Francis Galton (1822–1911)
Francis Galton wrote The Art of Travel and used his observations in different cultural and geographic environments to draw insights into – and make extraordinary breakthroughs in – many scientific disciplines including meteorology (the anti-cyclone and the first popular weather maps), statistics (regression and correlation), psychology (synaesthesia), biology (the nature and mechanism of heredity), and forensics (fingerprints). Galton pioneered a since-discredited eugenics movement in Britain that attempted to prove the intellectual superiority of the white Caucasian race.
Henry Thompson (1820–1904)
Henry Thompson was one of the leading surgeons of his time who counted Napoleon III, Emperor of France, as one of his patients. He established and maintained a private astronomical observatory and was an accomplished painter, novelist and gastronome. His other pursuits include being one of the world's leading rare porcelain collectors, poultry farming and later in life he wrote a book on the motorcar.
Charles Lutwidge Dodgson (1832–1898), also known as Lewis Carroll
Charles Dodgson was a clergyman, mathematician, philosopher and photographer who produced over 3,000 images, including portraits of notable individuals such as artist Dante Gabriel Rossetti, poet Lord Tennyson, scientist Michael Faraday and actress Ellen Terry. However, we know him as Lewis Carroll, the author of short stories, poems and novels, most famously Alice in Wonderland. Interestingly, Dodgson was also a prolific inventor, who developed new forms of stationery such as the nyctograph (a note-taking tablet for the dark) and double-sided tape, word-games and brain-teasers, as well as various rules for sports games, political elections and other processes.
William Morris (1834–1896)
A pioneer of the Arts and Crafts Movement, William Morris became a pattern designer for wallpapers, ceramic tiles, stained glass, textiles and other interior decorations and also gained expertise in textile weaving, dyeing, printing and embroidery, and oil painting (his La Belle Iseult is in the collection of London's Tate). He also designed typefaces and book decorations, ultimately starting his own publishing house, the Kelmscott Press, which during its short lifespan became one of the most reputed specialist presses in the country. Inspired by the mediaeval writers he published, Morris himself made tremendous contributions to the world of literature – he was one of the first of the Pre-Raphaelite poets and a pioneer of the fantasy fiction genre. He was also one of the leading socialist political activists of his time. When he died at age 62, his physician, declared that the cause was 'simply being William Morris, and having done more work than most ten men'.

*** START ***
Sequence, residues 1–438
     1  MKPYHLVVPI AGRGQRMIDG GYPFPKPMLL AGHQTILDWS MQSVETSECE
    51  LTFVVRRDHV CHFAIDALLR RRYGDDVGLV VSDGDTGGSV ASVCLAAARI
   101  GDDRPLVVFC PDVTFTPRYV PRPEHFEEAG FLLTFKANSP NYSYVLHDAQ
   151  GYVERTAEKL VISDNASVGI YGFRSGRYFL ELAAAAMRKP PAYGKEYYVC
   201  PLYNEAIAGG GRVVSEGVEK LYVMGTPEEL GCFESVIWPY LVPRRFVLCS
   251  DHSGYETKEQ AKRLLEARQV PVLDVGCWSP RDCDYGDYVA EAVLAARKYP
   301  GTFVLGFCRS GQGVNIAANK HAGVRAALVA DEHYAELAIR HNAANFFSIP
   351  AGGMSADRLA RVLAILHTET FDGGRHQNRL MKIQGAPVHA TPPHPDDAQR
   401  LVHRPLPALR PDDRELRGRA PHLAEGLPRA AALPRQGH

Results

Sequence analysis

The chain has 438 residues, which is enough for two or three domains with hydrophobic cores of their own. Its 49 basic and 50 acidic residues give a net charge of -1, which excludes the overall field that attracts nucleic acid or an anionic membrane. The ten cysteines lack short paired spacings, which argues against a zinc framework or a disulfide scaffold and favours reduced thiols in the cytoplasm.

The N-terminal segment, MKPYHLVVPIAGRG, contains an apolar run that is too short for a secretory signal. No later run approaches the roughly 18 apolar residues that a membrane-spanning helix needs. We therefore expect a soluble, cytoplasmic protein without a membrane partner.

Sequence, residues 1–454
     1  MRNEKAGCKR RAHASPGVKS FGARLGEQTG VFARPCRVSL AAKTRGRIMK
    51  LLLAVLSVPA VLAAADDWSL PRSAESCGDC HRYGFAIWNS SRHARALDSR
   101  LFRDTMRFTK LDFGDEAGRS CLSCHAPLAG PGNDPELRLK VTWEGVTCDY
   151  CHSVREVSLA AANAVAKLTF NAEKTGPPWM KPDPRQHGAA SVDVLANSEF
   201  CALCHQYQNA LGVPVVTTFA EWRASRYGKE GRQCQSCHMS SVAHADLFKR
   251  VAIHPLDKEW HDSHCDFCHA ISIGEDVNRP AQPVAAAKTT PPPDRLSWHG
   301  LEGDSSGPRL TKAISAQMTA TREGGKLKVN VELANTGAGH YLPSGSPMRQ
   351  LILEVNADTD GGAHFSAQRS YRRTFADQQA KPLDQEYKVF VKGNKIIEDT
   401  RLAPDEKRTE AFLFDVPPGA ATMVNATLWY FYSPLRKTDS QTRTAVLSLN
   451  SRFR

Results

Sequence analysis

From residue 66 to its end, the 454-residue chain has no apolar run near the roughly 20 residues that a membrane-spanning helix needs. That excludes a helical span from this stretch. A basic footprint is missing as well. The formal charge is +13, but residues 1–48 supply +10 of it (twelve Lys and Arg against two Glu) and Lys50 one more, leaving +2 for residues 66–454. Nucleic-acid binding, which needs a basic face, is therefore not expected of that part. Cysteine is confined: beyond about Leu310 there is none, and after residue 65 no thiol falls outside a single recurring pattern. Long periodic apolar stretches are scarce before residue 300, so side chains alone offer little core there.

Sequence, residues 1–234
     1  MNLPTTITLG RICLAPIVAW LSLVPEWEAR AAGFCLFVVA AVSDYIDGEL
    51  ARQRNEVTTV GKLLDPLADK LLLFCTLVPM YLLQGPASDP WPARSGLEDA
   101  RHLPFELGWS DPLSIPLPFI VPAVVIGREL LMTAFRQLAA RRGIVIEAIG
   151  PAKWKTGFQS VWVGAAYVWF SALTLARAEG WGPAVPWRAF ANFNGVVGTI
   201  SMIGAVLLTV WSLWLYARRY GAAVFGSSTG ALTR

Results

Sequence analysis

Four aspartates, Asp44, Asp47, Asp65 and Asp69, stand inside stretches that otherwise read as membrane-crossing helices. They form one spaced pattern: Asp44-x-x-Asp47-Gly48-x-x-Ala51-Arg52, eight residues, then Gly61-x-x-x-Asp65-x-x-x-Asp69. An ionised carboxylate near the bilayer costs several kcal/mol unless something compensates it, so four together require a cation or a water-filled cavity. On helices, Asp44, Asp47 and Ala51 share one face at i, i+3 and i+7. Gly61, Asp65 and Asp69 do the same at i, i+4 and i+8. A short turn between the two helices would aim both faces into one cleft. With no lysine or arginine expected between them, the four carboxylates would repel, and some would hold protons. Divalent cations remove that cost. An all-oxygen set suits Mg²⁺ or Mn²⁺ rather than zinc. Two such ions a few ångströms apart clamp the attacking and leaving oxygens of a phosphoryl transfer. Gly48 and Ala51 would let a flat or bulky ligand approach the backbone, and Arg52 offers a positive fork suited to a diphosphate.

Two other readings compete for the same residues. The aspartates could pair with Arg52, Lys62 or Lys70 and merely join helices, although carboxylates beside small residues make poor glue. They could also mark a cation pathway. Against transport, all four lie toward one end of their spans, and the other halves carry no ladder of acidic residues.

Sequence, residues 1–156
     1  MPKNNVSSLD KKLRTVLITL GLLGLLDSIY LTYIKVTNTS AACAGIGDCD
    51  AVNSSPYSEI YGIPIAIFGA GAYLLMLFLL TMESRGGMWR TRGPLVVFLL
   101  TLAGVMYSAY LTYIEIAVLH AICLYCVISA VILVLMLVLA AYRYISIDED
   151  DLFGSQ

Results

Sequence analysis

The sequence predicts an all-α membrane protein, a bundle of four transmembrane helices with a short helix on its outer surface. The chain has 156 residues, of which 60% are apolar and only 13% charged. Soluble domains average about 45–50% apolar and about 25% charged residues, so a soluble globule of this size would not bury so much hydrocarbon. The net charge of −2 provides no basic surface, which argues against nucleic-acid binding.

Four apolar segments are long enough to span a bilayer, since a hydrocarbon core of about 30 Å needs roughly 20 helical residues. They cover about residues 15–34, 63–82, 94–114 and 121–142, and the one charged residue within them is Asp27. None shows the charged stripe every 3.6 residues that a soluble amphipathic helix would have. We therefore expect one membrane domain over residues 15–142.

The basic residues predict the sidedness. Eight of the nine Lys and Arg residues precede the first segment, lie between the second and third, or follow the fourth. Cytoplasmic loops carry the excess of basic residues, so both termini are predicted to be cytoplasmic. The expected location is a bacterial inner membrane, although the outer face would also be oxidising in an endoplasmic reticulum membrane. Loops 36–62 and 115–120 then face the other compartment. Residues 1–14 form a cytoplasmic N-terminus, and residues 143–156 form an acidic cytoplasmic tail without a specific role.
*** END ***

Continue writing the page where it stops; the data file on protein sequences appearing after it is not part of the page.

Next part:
Winston Leonard Spencer-Churchill (1874–1965)
Winston Churchill's accomplishments as a leader are so revered that they have often overshadowed the fact that he was also an accomplished soldier, artist and scholar – a 'many-sided genius' according to his Queen. He was also a prolific writer who won the Nobel Prize for Literature in 1953; he wrote a novel, two historical biographies, three volumes of memoirs, several histories and numerous newspaper articles as a war correspondent. As an oil painter, he produced over 100 works, mostly impressionist landscapes, which have been exhibited worldwide. He even wrote a treatise on painting.
Charles, Prince of Wales (b.1948)
Charles, Prince of Wales has demonstrated multiple interests and accomplishments that recently won him the Palazzo Strozzi 'Renaissance Man of the Year Award'. He was honoured for his work related to world religions, architecture, education, sports, art, agriculture, nature and literature. When he recently won GQ 'Man of the Year Award for Lifetime Achievement', he said, 'I find there are too many things that need doing or battling'.
Polymaths are clearly among the most influential figures in British history. Why is it then, that our education systems still encourage narrow-focused, single-minded, life-long 'micro-specialists'? Why is it that our employers are generally suppressive of the multiple talents and interests among their human resources? On the 500th anniversary of Leonardo da Vinci's death, let us rediscover and celebrate the many-sided potential of all humans. Let this be the year of the polymath.
Waqās Ahmed, author of The Polymath (Wiley 2019), Artistic Director at The Khalili Collections and founder of the DaVinci Network